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Control of Population

Mbisamakoro, Khelia LU (2014) SIMV18 20132
Graduate School
Master of Science in Social Studies of Gender
Department of Political Science
Abstract
The history of the population control movement is one replete with controversies and where narratives about coercive population control policies and programs abound. Questionable practices such as the wide sterilization campaigns as took place in India during its state of emergency period in the 1970s or the use of contraceptives in developing world already banned from Western markets contributed in casting a shadow over the population control movement for years. It is in this context that we need to understand the Cairo International conference on Population and Development of 1994, which, many claimed was an important paradigm shift that served to re-define the population issue and change the course of the population debate. The Program... (More)
The history of the population control movement is one replete with controversies and where narratives about coercive population control policies and programs abound. Questionable practices such as the wide sterilization campaigns as took place in India during its state of emergency period in the 1970s or the use of contraceptives in developing world already banned from Western markets contributed in casting a shadow over the population control movement for years. It is in this context that we need to understand the Cairo International conference on Population and Development of 1994, which, many claimed was an important paradigm shift that served to re-define the population issue and change the course of the population debate. The Program of Action firmly established the primacy of human welfare needs over a “simple” concern with demographic targets and goals. For activists and commentators alike, the Cairo conference offered the international population movement a much needed escape from its troubled past. However, this has led to the misconceived assumption that the debate on overpopulation is now “dead and buried”. Hence, some authors argue that the public and global interest in the issue of overpopulation has for some time been on decline (Brigham, 2012). The current paper argues that through a closer attention to the language and discourse on population contained within a selected number of pages of the Program of Action, it is important to see the Program of Action not as a complete break from the population control movement but as a continuation of the same discourse albeit in a changed political context. (Less)
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author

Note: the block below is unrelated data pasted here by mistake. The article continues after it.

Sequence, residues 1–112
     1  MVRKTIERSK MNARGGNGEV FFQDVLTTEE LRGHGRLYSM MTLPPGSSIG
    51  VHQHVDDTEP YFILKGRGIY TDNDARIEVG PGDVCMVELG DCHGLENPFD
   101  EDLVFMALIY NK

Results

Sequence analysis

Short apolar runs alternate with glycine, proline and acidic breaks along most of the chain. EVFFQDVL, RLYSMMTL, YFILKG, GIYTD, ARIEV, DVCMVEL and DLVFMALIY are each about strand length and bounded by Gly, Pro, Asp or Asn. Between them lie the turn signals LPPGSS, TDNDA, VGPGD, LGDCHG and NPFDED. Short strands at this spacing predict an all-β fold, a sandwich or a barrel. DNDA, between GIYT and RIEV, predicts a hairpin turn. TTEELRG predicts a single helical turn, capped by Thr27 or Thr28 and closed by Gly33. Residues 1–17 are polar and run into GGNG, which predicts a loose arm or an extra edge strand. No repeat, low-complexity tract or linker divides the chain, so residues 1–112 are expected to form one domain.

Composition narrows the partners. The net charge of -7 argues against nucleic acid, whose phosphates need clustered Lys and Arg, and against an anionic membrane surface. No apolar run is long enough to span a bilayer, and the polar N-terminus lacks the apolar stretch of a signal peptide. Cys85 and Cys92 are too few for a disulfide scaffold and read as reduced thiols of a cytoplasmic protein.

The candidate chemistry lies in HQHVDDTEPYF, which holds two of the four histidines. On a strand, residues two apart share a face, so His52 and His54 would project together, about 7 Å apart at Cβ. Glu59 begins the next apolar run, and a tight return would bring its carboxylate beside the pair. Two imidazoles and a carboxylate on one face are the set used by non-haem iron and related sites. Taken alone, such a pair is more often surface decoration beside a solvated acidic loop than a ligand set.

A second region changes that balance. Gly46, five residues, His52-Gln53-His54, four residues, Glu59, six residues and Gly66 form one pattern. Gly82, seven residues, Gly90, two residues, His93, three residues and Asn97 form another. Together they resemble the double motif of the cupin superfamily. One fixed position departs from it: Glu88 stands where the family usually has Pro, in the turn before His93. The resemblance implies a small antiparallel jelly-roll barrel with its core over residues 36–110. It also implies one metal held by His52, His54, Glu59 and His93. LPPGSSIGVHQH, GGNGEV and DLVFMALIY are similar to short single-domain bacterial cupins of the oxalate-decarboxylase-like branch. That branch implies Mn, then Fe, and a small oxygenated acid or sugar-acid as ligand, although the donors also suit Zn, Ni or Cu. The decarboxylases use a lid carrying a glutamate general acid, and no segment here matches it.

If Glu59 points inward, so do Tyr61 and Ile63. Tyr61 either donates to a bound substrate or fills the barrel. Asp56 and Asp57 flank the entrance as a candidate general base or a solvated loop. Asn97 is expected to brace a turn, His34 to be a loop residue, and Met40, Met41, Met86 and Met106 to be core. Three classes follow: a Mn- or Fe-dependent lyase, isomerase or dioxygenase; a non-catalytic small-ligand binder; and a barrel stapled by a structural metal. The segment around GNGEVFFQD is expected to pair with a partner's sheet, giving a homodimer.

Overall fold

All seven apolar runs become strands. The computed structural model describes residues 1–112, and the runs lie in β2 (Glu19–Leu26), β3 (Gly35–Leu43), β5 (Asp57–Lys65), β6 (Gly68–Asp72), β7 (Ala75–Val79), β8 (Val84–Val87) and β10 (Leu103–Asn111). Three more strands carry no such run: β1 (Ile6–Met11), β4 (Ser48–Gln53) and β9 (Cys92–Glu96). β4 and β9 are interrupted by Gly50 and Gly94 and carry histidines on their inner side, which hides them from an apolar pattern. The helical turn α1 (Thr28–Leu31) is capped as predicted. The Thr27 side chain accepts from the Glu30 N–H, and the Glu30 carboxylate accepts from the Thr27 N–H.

Mbisamakoro, Khelia LU
supervisor
organization
course
SIMV18 20132
year
type
H2 - Master's Degree (Two Years)
subject
keywords
Discourse, Malthus, Population Control
language
English
id
4229221
date added to LUP
2017-07-03 13:06:10
date last changed
2017-07-03 13:06:10
@misc{4229221,
  abstract     = {The history of the population control movement is one replete with controversies and where narratives about coercive population control policies and programs abound. Questionable practices such as the wide sterilization campaigns as took place in India during its state of emergency period in the 1970s or the use of contraceptives in developing world already banned from Western markets contributed in casting a shadow over the population control movement for years. It is in this context that we need to understand the Cairo International conference on Population and Development of 1994, which, many claimed was an important paradigm shift that served to re-define the population issue and change the course of the population debate. The Program of Action firmly established the primacy of human welfare needs over a “simple” concern with demographic targets and goals. For activists and commentators alike, the Cairo conference offered the international population movement a much needed escape from its troubled past. However, this has led to the misconceived assumption that the debate on overpopulation is now “dead and buried”. Hence, some authors argue that the public and global interest in the issue of overpopulation has for some time been on decline (Brigham, 2012). The current paper argues that through a closer attention to the language and discourse on population contained within a selected number of pages of the Program of Action, it is important to see the Program of Action not as a complete break from the population control movement but as a continuation of the same discourse albeit in a changed political context.},
  author       = {Mbisamakoro, Khelia},
  keyword      = {Discourse,Malthus,Population Control},
  language     = {eng},
  note         = {Student Paper},
  title        = {Control of Population},
  year         = {2014},
}